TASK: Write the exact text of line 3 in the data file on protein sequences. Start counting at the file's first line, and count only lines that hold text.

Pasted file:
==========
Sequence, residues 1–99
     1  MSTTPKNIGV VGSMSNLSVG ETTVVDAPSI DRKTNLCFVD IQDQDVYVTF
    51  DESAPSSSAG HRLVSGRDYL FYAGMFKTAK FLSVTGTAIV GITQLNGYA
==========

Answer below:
    51  DESAPSSSAG HRLVSGRDYL FYAGMFKTAK FLSVTGTAIV GITQLNGYA